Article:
Although apparently the first such suit by a state attorney general, the Illinois AG’s interest in non-competes is simply the most recent example of the increasing governmental involvement in non-competes discussed previously in this Blog. The themes sounded by the Illinois AG’s suit – suppression of wages, the use of manifestly unenforceable restrictions, lack of transparency with employees – are the same as the concerns expressed in the recent White House report on non-compete agreements.

Non-compete issues are increasingly being cast as a matter of public concern, rather than simply a matter between employer and employee. The impact on the public has long been a factor considered by courts in evaluating non-competes, but the idea that the misuse of non-competes is a matter of public concern that requires government intervention appears to be a new one.

It would not be surprising if other state officials – particularly in blue states – consider similar actions. A big company using a burdensome non-compete with its hourly workers seems like an easy target for a politician looking to score pro-worker points.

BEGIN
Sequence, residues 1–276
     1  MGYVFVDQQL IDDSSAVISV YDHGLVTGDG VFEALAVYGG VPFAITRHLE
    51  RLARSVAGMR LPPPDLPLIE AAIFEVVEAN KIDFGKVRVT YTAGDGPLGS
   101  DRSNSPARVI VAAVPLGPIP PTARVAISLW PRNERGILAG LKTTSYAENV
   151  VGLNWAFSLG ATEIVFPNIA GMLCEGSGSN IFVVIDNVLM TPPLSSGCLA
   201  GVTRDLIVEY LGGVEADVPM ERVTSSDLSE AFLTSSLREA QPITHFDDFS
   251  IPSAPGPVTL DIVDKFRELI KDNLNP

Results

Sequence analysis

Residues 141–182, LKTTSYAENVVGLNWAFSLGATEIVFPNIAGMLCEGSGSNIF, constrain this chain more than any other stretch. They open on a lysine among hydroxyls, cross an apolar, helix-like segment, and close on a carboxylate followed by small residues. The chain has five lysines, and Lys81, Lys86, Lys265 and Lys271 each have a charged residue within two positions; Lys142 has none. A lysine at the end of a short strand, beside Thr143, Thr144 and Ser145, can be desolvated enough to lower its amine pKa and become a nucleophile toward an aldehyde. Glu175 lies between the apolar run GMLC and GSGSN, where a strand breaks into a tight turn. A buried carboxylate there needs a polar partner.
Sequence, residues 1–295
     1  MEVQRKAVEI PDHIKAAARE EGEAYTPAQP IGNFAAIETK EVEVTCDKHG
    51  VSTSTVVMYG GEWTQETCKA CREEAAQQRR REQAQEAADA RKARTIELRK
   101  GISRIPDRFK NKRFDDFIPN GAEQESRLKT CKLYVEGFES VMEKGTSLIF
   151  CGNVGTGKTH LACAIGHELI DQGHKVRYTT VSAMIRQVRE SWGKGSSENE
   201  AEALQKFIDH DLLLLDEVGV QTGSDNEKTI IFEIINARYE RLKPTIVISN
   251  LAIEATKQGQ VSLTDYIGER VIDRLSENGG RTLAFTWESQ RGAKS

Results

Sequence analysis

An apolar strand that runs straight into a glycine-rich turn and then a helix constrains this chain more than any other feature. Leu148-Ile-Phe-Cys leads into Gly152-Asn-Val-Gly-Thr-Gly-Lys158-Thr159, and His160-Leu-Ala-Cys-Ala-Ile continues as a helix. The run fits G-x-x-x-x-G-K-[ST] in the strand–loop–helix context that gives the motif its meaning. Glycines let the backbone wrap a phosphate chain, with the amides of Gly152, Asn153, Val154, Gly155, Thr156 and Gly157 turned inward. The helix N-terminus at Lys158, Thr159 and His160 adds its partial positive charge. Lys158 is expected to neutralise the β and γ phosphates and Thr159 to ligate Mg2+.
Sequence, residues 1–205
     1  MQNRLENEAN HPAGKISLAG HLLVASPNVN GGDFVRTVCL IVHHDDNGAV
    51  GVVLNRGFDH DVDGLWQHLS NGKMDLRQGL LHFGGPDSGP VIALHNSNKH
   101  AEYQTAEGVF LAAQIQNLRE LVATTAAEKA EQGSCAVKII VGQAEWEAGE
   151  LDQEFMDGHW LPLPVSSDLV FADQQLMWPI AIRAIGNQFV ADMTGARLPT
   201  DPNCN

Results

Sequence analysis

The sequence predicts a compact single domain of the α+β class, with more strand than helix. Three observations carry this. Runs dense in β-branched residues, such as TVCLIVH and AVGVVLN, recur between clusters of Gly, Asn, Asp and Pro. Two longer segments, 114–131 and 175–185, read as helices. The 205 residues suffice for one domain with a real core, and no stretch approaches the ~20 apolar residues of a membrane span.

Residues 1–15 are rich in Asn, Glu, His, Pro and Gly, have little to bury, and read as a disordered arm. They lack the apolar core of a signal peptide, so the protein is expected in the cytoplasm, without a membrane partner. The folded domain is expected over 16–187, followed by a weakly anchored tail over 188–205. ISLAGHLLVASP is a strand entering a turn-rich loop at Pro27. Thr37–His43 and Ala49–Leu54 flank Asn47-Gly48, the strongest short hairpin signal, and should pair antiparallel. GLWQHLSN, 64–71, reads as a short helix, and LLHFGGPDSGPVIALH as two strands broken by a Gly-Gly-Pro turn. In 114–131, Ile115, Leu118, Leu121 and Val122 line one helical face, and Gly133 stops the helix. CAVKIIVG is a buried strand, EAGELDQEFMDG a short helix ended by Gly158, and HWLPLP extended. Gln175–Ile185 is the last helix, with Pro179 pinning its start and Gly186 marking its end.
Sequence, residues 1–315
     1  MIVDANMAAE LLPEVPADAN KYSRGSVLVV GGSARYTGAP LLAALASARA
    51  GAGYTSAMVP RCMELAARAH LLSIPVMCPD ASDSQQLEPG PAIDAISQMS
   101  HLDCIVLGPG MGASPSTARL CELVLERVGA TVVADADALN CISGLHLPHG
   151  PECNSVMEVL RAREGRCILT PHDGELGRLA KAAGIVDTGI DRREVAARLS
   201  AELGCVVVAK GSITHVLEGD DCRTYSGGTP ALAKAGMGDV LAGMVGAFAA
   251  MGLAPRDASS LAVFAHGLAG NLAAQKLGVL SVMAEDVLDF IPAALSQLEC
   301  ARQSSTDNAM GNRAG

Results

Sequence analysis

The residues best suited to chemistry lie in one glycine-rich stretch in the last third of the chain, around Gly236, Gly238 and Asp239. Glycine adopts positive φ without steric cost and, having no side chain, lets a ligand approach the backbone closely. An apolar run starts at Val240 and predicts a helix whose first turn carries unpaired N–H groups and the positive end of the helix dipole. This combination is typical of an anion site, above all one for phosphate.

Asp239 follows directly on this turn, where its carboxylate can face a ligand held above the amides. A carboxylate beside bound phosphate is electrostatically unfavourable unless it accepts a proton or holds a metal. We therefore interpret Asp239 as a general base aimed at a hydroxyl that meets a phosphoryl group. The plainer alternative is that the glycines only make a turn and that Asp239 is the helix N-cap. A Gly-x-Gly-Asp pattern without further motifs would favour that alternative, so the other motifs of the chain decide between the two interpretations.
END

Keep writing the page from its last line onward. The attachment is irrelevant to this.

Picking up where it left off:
What The Illinois AG’s Suit Means For Companies That Use Non-Competes

That being said, it is not time to push the panic button. While the Illinois AG says it is investigating other companies, Jimmy John’s presumably did itself no favors by telling the Illinois AG it had discontinued using the non-compete, but then failing to implement the policy change. (A cynic would add that it didn’t help that the owner of Jimmy John’s is a well-known contributor to conservative political causes in a very blue state.)

Nevertheless, smart employers will review their use of non-competes. Where possible, employers should use non-solicitation and confidentiality restrictions rather than true non-competes. Employers should also avoid one-size-fits-all agreements. A restriction that is appropriate for managerial employees most likely isn’t right for salespeople. And it probably never is a good idea to require an hourly worker to sign a non-compete.

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Contributing Editors: Ernest Irons, Daniel V. Kinsella